Before Stanley Kubrick’s critical breakthrough with 1957s Paths of Glory, even before his debut feature Fear and Desire and documentary short films, Stanley Kubrick was, first and foremost, a photographer. Aged just 17 when he started working professionally in 1945, Kubrick became a staff photographer for Look magazine, shooting feature stories all around New York City about the daily life of citizens.
The now-iconic film director quickly became well-known for his story-telling in photography, publishing A Short Story from a Movie Balcony in April 1946 which detailed a quarrel between a man and a woman, during which the man is slapped in the face. It would be one of the director’s very first methods of storytelling, and foreshadowed his later interest with emotional desire.
As Kubrick became more trusted, the variety of his work broadened too, as he was sent to Portugal in 1948 to document a travel piece, and was also sent to Florida to cover the Ringling Bros. and Barnum & Bailey Circus. The following year, Kubrick would publish a photo essay “Chicago-City of Extremes” in Look, which captures a stark atmosphere behind Chicago and well reflects the directors own cinematic visual style. In addition to this, as an avid boxing enthusiast, Kubrick also began photographing major matches for the magazine, with his earliest piece on the sport, “Prizefighter” being published in January 1949.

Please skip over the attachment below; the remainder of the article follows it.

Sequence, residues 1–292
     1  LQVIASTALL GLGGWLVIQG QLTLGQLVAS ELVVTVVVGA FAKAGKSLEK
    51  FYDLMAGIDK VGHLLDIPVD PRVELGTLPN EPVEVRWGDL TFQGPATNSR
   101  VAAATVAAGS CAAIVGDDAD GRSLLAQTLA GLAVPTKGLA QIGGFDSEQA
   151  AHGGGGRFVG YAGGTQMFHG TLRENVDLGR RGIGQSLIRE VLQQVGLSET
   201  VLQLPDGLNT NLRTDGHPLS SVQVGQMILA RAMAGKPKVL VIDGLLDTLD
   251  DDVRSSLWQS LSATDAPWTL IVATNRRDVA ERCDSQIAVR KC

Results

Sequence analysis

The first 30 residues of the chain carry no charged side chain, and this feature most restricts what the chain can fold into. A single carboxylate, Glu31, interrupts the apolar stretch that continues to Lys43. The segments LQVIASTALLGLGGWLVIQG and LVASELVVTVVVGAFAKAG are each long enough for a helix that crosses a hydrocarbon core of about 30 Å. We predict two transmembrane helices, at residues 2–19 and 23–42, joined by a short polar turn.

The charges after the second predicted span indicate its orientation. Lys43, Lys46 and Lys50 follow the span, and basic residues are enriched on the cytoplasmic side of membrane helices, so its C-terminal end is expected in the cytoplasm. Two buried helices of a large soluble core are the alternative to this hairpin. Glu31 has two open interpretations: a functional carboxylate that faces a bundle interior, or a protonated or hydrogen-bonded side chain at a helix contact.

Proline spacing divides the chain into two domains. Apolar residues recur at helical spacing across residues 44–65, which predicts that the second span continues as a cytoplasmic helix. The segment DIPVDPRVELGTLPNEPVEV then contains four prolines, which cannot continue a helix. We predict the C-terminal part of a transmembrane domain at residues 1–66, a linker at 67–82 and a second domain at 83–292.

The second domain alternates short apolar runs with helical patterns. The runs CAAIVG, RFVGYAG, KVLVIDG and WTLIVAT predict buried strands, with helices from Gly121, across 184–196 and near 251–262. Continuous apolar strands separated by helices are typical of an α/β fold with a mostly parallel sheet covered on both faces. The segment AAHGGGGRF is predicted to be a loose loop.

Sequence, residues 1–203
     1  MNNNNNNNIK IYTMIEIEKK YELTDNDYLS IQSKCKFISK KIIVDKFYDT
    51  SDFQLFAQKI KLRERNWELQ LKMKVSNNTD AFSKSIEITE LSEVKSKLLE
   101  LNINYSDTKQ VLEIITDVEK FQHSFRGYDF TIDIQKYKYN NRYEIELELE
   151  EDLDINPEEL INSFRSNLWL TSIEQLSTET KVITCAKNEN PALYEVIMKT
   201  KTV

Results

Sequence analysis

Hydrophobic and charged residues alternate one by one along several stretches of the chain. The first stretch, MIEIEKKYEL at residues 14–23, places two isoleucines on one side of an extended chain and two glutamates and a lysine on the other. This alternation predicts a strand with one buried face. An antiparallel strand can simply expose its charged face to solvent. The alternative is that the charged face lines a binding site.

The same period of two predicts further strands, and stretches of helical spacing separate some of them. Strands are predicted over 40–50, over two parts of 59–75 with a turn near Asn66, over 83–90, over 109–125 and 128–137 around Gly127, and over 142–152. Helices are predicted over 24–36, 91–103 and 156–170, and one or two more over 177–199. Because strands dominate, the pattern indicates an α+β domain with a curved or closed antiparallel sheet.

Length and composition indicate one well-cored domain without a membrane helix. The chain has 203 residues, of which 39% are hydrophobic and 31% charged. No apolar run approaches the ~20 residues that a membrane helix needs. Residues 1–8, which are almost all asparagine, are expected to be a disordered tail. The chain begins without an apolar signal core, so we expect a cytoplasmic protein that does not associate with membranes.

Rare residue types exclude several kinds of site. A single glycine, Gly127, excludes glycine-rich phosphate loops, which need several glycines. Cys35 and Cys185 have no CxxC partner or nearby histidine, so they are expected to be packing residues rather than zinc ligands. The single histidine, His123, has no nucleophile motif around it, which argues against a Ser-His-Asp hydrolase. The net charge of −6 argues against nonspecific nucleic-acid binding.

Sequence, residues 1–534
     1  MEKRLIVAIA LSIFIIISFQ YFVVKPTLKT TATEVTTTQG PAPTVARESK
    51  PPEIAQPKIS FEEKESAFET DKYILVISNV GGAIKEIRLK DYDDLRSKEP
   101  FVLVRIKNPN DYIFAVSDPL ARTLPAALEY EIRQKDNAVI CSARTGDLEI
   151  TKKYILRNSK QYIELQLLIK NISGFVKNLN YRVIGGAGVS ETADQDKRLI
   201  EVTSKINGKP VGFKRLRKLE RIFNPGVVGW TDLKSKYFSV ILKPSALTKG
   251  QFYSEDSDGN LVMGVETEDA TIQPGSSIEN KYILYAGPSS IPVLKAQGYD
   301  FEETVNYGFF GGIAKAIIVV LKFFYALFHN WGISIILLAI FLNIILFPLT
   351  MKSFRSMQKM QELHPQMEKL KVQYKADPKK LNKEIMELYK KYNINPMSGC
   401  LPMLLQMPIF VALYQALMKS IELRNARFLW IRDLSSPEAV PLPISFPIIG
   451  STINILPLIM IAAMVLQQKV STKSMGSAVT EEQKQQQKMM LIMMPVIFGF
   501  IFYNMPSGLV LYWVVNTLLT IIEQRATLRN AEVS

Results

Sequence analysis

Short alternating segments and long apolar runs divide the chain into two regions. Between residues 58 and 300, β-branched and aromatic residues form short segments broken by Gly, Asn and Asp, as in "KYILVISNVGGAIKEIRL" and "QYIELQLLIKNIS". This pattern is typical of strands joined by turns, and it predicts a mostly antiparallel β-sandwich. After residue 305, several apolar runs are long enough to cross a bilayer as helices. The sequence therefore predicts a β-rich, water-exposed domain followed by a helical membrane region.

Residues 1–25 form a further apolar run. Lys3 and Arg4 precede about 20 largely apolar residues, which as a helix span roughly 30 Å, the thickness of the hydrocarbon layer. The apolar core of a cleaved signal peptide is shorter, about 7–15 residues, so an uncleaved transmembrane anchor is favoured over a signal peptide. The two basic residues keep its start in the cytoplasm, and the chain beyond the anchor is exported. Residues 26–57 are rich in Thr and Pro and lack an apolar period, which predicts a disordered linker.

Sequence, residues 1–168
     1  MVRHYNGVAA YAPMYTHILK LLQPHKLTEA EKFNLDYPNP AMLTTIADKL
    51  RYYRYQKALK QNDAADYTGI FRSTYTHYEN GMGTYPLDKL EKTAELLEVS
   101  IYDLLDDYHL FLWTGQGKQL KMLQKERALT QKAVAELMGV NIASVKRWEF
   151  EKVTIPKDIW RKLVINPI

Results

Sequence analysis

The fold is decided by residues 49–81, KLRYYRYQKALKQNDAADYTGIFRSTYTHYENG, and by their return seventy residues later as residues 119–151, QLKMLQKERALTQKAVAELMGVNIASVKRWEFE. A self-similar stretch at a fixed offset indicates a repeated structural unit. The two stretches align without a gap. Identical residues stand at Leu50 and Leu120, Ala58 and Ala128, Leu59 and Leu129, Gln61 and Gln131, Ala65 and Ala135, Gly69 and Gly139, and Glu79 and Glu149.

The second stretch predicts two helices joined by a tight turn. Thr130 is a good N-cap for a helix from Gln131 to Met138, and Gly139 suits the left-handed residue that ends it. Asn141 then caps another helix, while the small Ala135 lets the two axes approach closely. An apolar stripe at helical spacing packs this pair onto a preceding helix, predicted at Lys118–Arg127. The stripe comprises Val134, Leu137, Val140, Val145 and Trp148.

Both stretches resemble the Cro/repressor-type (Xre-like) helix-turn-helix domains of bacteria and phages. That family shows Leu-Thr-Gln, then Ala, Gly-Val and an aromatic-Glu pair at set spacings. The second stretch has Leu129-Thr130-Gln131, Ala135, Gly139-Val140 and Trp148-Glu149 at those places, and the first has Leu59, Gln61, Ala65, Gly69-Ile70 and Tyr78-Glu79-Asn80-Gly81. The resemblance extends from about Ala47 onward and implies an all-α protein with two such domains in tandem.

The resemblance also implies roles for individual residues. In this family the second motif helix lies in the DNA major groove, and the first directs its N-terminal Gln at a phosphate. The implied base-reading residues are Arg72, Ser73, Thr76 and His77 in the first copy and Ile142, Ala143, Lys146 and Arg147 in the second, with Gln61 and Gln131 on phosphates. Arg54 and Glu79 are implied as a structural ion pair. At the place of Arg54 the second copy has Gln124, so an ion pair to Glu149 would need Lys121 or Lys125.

This likely explains how Stanley Kubrick ended up at a wrestling bout between Ralph Garibaldi and Gorgeous George in 1949 Chicago, taking yet another series of photographs for Look magazine. With a rich monochrome aesthetic, Kubrick’s photographs on the night elicit the joy of the crowd and the thrill of the fight itself. Reuel Golden, who co-edited a recently published book about the photography of Stanley Kubrick, noted the following about the director: “There’s also a sense where Kubrick is very much in the scene but you don’t see him. That’s something that is very paramount for a film director. That you sense his presence but you don’t actually see him”.
The influence of Kubrick’s own photographic style on his later filmography is quite clear, with each of his images expressing a feeling of momentousness and gravitas. Piecing together the puzzle of his photography, one can sense the pressure of the baying crowd, and the subsequent intensity for George ‘Gorgeous’ Wagner. The series of photographs is in itself a story made up of intricate secrets and hidden meaning.
Kubrick’s contribution to photography was impressive, though is of course overshadowed by his legacy in filmmaking where he would take his established artistic eye and apply it to the moving image. Leaving us with one pearl of photography wisdom, Kubrick stated: “Think up ideas for stories, go out and shoot them, and then send them into the magazines. I was lucky; I figured that out when I was young.”